Cashing In on Your Data
Oral-B, a Procter & Gamble company, this year launched its SmartSeries Bluetooth toothbrush — an essential appliance for what the firm calls “the well-connected bathroom.” It connects to your smartphone, where its app tracks brushing tasks (have you flossed? cleaned the tongue? rinsed?) and highlights areas of the mouth (visualised on the phone screen) that deserve more attention. More importantly, as the toothbrush’s website proudly announces, it also “records brushing activity as data that you can chart on your own and share with dental professionals.” What happens to that data — whether it goes to these dental professionals, or your insurance company, stays with you or is appended to your data already owned by Facebook and Google — is a controversial question.
The realisation that data produced by everyday appliances, smart toothbrushes or smart toilets, can be monetised has produced an interesting resistance against the data-hoarding attitudes of Silicon Valley giants, who mint billions while we only get free services. A populist critique has emerged: Let’s challenge these data monopolies and replace them with small-scale entrepreneurs. Each of us can become a freelance data stockbroker with our own portfolio — selling access to our genome if a pharmaceutical company needs it, or disclosing our location for a discount at a local restaurant.
Several recent books — Social Physics by Sandy Pentland, Who Owns the Future by Jaron Lanier — endorse this agenda. They promise the seemingly impossible — economic security and a future of privacy. If data is treated as property, strong property rights and modern enforcement technologies should ensure that no third party gets a free ride. Thanks to the Internet of Things and the proliferation of smart devices, our every act can be observed, and monetised: There’s someone, somewhere, willing to pay for knowing what song we whistle in the shower. The only reason it hasn’t happened yet is because our shower doesn’t have sensors and isn’t connected to the net.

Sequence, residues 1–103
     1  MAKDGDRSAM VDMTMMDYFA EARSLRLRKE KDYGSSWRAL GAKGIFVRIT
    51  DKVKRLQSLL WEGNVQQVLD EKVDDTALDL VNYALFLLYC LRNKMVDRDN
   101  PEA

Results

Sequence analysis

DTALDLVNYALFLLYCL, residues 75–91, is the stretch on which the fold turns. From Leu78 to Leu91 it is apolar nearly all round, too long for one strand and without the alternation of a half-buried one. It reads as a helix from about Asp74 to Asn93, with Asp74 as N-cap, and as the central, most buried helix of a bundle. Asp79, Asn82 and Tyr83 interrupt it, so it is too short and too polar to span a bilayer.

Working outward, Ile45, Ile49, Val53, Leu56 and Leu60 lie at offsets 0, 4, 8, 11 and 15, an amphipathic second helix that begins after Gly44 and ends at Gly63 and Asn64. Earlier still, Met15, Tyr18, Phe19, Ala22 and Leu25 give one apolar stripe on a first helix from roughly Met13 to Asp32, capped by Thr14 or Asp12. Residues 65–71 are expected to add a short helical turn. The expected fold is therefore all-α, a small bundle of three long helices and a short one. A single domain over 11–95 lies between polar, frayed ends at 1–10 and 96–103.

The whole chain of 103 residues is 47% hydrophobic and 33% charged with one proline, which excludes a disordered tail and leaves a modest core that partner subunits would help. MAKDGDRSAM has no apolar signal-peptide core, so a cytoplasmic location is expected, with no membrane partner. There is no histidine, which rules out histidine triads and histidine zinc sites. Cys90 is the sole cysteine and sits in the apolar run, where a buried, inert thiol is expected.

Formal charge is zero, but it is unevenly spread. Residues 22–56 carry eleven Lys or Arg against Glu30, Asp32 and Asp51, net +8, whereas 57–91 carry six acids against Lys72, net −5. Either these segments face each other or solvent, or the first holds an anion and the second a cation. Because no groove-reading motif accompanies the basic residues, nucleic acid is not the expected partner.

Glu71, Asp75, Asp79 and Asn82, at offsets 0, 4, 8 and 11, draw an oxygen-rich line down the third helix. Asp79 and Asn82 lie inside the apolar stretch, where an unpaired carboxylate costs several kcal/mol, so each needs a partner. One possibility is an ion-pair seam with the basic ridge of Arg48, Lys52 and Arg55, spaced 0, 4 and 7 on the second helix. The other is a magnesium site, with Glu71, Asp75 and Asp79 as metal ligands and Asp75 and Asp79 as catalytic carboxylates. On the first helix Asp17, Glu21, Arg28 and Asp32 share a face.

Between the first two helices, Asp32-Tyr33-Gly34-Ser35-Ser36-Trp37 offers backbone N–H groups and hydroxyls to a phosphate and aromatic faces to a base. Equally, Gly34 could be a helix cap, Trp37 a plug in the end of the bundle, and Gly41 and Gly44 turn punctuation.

The battle lines are clear. If Google fills our houses with smart thermostats like Nest, then Google will monetise our shower whistling. Google integrates data from different streams — self-driving cars, smart glasses, email — and its helpfulness is a function of its ubiquity. To get the best from it, we should let Google’s services fill in all the vacant areas of our digitised everyday existence. The size of Google’s data reservoirs makes competition unrealistic, a point not lost on smaller companies. The other option is to follow the populist calls of Pentland and Lanier and thwart Google’s ambitions by insisting that data automatically belongs to the users, or demanding that they at least share in Google’s profits.
Both of these positions, for all their apparent differences, belong to one political programme, representing two intellectual traditions. As the British sociologist Will Davies shows in his new book, The Limits of Neoliberalism, the future offered to us by Lanier and Pentland fits into the German “ordoliberal” tradition, which sees the preservation of market competition as a moral project, and treats all monopolies as dangerous. The Google approach fits better with the American school of neoliberalism that developed at the University of Chicago. Its adherents are mostly focused on efficiency and consumer welfare, not morality; and monopolies are never assumed to be evil just because they are monopolies — some might be socially beneficial. For all its claims to innovation and disruption, the contemporary technology debate neither innovates nor disrupts: In assuming that information is a commodity, it operates firmly within a sole neoliberal paradigm.
While an alternative view of information would require grounding it in the non-economic realm — around the idea of the common, beloved by radical democrats, or something else — we might ask why the commodity status of information is accepted so uncritically. The current moment provides the answer: Technology today is a deus ex machina, which can create jobs, stimulate the economy, and make up for taxes lost to the offshoring schemes of wealthy elites and corporations. Not to treat information as a commodity would mean closing the only untainted avenue open to policymakers.